From the watch, you just need to find your Gaia GPS app and open it. From here you will have three main screen: Music controls, settings & notifications and main controls (Record, Navigate).
This video will focus on recording hikes, and not navigating routes, mainly because it doesn’t seem to work on for me just yet. But the track recording works very well is a good alternative when you don’t have a GPS handy.
The main thing to note while recording your track, is that the Gaia GPS needs to be the top app, meaning that you can’t switch apps on your phone this will pause the recording until you switch to Gaia GPS. The best way around this is to lock the app so Gaia GPS is locked on your watch face.
Previous versions of this watch app would. Mirror the smartphone app, meaning that the recording was done on the phone, not on the watch. The version used in October 2021 uses the GPS data from the watch leaving you to use the Gaia GPS app on your phone to lookup maps, create routes and other things.
Once you are done recording your hike the Apple Watch will transfer the track data to your phone pretty much within a few seconds. You can then review the track under the saved tab and edit accordingly.
In this video, I’ll show you how you can export a track saved in Gaia GPS and import it to Garmin Connect or Garmin Explore. Here I’m using iOS so this will work on iPhone and IPad, but will also work in Android and on your desktop. Here I’ve recorded a hike using the Gaia GPS Apple Watch app and have it saved in Gaia GPS along with a few photos.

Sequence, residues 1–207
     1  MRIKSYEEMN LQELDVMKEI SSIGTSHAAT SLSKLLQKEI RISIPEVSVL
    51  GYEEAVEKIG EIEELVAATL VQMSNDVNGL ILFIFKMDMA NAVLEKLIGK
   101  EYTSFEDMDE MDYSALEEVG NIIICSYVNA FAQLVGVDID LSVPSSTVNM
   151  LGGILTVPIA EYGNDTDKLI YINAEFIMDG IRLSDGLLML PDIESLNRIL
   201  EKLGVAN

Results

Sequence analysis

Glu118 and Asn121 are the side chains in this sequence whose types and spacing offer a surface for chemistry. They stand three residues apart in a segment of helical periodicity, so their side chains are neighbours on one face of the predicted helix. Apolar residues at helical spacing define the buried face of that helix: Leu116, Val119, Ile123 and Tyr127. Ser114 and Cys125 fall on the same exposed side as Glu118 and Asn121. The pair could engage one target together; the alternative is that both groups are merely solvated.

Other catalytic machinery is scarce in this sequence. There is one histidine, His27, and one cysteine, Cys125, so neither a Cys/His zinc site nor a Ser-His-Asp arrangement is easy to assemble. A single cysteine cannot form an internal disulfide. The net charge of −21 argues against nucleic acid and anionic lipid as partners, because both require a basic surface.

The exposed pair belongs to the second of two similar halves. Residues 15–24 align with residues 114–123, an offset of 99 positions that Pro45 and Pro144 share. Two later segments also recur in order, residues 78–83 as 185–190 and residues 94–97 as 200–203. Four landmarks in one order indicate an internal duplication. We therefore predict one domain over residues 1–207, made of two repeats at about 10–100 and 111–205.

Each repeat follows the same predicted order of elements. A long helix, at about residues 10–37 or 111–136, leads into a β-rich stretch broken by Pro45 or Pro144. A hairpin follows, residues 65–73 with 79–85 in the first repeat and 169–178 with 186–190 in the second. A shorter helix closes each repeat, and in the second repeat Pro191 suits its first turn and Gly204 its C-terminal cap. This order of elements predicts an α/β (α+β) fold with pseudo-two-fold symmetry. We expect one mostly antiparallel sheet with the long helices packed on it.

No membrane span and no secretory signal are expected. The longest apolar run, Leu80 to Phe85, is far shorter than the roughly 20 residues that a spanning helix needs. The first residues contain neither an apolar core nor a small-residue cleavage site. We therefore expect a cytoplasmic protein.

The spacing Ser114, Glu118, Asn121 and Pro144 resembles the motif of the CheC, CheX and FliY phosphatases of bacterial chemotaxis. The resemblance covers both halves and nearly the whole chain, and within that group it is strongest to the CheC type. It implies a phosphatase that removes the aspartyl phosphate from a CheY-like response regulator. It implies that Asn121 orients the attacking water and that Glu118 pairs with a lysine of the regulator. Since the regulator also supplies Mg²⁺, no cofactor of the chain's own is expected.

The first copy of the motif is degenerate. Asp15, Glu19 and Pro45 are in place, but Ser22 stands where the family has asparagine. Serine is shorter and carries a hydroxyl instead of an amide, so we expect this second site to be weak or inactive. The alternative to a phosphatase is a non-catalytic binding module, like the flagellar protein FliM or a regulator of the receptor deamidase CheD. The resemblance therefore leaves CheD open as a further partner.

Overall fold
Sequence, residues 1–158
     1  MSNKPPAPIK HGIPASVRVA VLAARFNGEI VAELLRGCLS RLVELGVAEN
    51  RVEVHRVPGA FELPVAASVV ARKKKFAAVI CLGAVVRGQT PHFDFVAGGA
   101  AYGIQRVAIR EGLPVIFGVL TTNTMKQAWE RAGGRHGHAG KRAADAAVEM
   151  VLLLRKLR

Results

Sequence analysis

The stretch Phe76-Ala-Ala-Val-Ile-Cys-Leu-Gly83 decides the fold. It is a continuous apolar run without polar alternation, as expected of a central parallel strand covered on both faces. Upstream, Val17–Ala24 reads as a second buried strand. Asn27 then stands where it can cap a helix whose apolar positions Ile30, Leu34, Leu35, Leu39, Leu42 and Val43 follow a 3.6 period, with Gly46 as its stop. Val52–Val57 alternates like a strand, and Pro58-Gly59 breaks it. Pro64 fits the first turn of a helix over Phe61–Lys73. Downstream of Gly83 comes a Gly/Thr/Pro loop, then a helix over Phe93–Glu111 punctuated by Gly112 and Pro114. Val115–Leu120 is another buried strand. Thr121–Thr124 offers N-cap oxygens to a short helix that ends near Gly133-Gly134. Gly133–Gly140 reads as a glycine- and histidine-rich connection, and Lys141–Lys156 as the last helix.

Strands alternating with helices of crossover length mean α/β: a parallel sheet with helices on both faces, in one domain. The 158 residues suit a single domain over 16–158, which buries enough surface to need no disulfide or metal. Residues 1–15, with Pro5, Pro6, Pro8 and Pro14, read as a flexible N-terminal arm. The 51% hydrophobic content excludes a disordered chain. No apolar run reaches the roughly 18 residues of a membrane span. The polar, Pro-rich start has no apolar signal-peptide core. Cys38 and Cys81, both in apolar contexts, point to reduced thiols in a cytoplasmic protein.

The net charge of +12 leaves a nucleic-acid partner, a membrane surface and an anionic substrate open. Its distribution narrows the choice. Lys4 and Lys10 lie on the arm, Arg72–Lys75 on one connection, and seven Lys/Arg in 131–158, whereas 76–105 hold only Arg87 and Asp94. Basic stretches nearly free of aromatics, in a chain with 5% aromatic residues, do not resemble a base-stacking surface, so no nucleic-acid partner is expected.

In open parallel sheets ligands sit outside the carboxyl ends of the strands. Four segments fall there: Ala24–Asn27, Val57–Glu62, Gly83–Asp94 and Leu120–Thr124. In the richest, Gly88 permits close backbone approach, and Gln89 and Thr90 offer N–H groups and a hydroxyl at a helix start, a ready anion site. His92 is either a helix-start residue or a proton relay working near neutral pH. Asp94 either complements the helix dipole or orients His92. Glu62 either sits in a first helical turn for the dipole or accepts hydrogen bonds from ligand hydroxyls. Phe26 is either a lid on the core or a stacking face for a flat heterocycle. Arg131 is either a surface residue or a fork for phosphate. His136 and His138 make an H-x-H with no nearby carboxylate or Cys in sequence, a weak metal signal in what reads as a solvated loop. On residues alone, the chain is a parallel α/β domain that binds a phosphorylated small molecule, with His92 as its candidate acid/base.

During this hike, I couldn’t use my Garmin device (batteries were dead) but I want to add this hike into my Garmin Connect history or Garmin Explore library for future use. From Gaia GPS, I should be take to export the track as a GPX file and then import it to either Garmin Connect or Garmin Explore.
Step By Step
Go to your SAVED section in Gaia GPS and select a track, route or waypoint you want to export. Click on MORE and EXPORT, select GPX.
(Garmin Connect) SAVE your GPX as a FILE.
(Garmin Explore) If you have Garmin Explore app installed on your device, you should see the EXPLORE ICON in the share pop-up window and SELECT.
(Garmin Connect) log into Garmin Connect via the desktop and click on the Import Data icon
(Garmin Explore) the GPX file will be automatically imported into the Garmin Explore Library as a new collection, ready to be sync to a Garmin Device.
(Garmin Connect) BROWSE and upload the GPX file you just saved and upload.
(Garmin Connect) Once the GPX file has been imported, edit the activity and upload photos as needed.
More Gaia GPS Tutorials Here
Check out my playlist on other topics related to Gaia GPS and Garmin Devices.
Planning A Hike With Gaia GPS
How To Contribute Your GPS Track To OpenStreetMap From A Garmin GPS
How to Export Garmin Montana 700 700i 750i GPS Track To Gaia GPS Using Explore
How To Download Property Parcel Boundaries Onto Your Garmin Using GaiaGPS
Gaia GPS How To Export Tracks To Garmin Connect or Garmin Explore
How to Use Gaia GPS And Apple Watch To Record A Hike
I want to talk about the three main areas when considering a Tilley Hat. I’ll be using three styles of hats from my collection to demonstrate Build Quality, Sizing & Maintenance along with a few tips how to clean and wear your Tilley hat.